Doctors say daily low-dose aspirin does not prevent heart attacks, strokes

Doctors have reversed a decades-old recommendation.

Doctors say daily low-dose aspirin does not prevent heart attacks, strokes

A decades-old recommendation has been officially reversed by doctors.

The American College of Cardiology (ACC) says that a daily low-dose aspirin, 75 to 100 milligrams, should not be taken for the sole purpose of preventing heart attacks, strokes and other cardiovascular problems.

The reversed recommendation came after an international clinical trial found that taking a low-dose aspirin by healthy older people has no disintegrable health benefit.

The randomized, blind study studied 19,114 people, who were mostly 70 years old or older, where about half were give aspirin and the other half were given a placebo. The study started in 2010 and ended in 2017, and found that aspirin didn’t help prevent heart disease, physical disability, dementia or stroke.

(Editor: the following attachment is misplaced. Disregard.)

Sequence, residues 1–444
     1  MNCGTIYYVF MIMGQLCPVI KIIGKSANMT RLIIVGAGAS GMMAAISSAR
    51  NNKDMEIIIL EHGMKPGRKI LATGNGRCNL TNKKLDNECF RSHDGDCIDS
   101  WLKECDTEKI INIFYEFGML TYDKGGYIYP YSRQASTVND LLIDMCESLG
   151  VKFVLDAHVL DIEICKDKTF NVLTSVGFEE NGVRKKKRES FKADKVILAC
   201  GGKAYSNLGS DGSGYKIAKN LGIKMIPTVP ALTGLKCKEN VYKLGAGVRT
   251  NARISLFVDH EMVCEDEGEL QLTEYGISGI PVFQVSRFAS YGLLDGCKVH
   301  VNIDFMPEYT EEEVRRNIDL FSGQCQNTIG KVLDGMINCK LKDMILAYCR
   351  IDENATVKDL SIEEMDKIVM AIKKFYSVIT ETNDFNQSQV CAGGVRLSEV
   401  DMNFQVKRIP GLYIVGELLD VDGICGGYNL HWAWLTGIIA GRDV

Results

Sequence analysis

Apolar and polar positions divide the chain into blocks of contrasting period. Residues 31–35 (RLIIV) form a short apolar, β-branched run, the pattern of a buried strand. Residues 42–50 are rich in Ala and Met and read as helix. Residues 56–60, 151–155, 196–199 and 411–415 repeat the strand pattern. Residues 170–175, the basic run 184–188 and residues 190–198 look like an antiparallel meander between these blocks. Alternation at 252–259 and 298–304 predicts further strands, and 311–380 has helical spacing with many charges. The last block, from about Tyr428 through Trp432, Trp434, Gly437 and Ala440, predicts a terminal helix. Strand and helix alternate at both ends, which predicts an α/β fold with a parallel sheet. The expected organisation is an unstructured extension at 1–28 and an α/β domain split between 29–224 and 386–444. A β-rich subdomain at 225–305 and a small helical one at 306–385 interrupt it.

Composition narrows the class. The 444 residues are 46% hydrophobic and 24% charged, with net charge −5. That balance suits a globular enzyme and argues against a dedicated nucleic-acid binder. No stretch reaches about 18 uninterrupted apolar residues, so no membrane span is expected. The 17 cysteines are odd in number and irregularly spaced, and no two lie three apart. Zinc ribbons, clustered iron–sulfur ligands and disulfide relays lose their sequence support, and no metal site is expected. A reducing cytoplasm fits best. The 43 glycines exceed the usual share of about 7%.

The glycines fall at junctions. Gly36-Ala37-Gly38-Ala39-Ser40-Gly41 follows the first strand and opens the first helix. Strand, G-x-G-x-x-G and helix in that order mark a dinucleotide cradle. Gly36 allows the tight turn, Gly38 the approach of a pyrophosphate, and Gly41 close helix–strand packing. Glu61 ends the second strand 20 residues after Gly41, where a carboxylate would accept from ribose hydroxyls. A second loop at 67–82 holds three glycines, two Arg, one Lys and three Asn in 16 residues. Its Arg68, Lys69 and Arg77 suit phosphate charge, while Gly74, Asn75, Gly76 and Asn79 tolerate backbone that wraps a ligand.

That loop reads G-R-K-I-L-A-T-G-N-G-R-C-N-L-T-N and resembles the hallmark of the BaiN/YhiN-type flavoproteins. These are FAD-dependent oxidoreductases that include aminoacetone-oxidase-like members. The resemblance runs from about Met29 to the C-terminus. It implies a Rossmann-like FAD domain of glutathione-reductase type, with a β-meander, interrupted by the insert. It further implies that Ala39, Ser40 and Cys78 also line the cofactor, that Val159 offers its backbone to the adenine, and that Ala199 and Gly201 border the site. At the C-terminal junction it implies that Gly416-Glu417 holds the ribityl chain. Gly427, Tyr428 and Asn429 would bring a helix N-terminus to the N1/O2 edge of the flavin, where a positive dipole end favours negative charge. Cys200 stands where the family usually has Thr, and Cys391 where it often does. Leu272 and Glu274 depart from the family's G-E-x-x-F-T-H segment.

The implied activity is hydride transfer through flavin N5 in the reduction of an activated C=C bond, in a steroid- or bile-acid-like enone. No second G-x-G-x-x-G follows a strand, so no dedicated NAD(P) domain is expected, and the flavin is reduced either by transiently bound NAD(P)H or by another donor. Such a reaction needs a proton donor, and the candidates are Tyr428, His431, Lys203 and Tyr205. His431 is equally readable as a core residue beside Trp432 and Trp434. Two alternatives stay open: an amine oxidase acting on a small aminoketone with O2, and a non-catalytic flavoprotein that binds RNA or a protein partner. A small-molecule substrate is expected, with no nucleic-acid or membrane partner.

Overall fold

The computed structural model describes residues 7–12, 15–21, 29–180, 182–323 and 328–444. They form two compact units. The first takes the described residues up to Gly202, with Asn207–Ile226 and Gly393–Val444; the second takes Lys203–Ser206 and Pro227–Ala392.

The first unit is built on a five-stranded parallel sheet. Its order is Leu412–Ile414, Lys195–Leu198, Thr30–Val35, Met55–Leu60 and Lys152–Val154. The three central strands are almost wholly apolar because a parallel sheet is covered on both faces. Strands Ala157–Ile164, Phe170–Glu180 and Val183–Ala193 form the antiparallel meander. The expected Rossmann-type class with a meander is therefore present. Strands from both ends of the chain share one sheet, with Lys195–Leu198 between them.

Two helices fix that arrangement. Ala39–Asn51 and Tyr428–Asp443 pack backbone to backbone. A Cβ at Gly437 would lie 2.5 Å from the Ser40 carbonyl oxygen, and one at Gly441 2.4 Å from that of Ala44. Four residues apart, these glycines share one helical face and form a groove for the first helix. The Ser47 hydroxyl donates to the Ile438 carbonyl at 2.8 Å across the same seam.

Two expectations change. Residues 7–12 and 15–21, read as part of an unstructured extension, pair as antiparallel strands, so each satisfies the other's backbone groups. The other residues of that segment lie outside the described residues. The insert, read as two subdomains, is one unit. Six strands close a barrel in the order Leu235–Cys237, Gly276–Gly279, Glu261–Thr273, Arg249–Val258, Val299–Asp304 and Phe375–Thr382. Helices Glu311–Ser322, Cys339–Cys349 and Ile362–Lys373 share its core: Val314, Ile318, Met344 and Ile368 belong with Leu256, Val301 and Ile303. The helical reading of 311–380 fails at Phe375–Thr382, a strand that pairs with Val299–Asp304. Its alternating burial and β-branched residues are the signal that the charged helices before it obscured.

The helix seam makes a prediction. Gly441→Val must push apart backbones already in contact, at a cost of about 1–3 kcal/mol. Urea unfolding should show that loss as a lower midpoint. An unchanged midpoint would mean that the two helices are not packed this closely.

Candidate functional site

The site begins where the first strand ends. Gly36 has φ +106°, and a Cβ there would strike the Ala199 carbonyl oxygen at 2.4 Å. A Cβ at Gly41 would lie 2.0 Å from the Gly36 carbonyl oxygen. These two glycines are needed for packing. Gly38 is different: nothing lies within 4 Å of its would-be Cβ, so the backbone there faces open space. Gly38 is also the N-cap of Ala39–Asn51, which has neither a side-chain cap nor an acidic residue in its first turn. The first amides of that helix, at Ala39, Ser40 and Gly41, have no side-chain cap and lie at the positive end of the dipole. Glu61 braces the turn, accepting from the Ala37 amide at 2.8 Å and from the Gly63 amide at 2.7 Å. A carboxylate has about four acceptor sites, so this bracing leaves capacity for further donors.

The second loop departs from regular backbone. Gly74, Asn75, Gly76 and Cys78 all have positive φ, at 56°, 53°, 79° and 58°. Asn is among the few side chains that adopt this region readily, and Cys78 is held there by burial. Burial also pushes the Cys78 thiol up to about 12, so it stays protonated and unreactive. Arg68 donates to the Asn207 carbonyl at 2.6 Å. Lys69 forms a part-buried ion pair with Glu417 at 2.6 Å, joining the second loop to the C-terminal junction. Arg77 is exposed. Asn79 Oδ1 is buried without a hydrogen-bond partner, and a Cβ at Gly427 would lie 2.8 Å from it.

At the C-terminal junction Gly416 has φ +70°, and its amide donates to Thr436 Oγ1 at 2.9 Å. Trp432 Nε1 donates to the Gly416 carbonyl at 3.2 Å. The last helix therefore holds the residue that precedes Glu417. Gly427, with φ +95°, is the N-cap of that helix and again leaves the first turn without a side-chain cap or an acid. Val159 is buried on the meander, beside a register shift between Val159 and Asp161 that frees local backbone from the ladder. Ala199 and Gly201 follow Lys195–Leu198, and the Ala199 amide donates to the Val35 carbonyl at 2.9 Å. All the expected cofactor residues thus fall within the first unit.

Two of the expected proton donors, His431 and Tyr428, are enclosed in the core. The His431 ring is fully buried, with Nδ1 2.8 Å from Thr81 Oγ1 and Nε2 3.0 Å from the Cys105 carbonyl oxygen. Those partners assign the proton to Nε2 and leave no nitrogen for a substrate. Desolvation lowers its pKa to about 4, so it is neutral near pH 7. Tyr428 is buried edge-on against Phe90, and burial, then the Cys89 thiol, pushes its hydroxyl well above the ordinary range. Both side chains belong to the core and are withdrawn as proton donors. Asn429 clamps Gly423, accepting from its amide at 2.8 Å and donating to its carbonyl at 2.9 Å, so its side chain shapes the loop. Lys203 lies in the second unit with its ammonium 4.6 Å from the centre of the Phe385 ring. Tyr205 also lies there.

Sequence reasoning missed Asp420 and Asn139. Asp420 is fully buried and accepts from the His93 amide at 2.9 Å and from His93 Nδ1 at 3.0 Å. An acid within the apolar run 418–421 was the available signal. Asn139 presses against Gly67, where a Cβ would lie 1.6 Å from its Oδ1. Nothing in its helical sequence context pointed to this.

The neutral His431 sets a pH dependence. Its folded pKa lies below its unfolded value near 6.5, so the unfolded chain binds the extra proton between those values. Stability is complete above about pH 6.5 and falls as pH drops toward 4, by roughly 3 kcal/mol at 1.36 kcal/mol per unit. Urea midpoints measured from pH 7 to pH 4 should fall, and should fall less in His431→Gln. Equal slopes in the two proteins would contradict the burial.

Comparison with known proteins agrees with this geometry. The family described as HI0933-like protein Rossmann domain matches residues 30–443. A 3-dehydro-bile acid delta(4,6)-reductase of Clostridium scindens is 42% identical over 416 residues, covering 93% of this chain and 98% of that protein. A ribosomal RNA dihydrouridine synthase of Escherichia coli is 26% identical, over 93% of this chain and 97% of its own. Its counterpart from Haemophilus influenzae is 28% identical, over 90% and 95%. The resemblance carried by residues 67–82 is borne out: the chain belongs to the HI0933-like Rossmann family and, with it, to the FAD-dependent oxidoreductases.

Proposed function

The ACC and the American Heart Association (AHA) now say that aspirin should “rarely” be used to prevent heart attacks and strokes in people without known cardiovascular disease.

“The most important way to prevent cardiovascular disease… is by adopting heart healthy habits and to do so over one’s lifetime,” said Roger S. Blumenthal, co-chair of the 2019 ACC/AHA Guideline on the Primary Prevention of Cardiovascular Disease.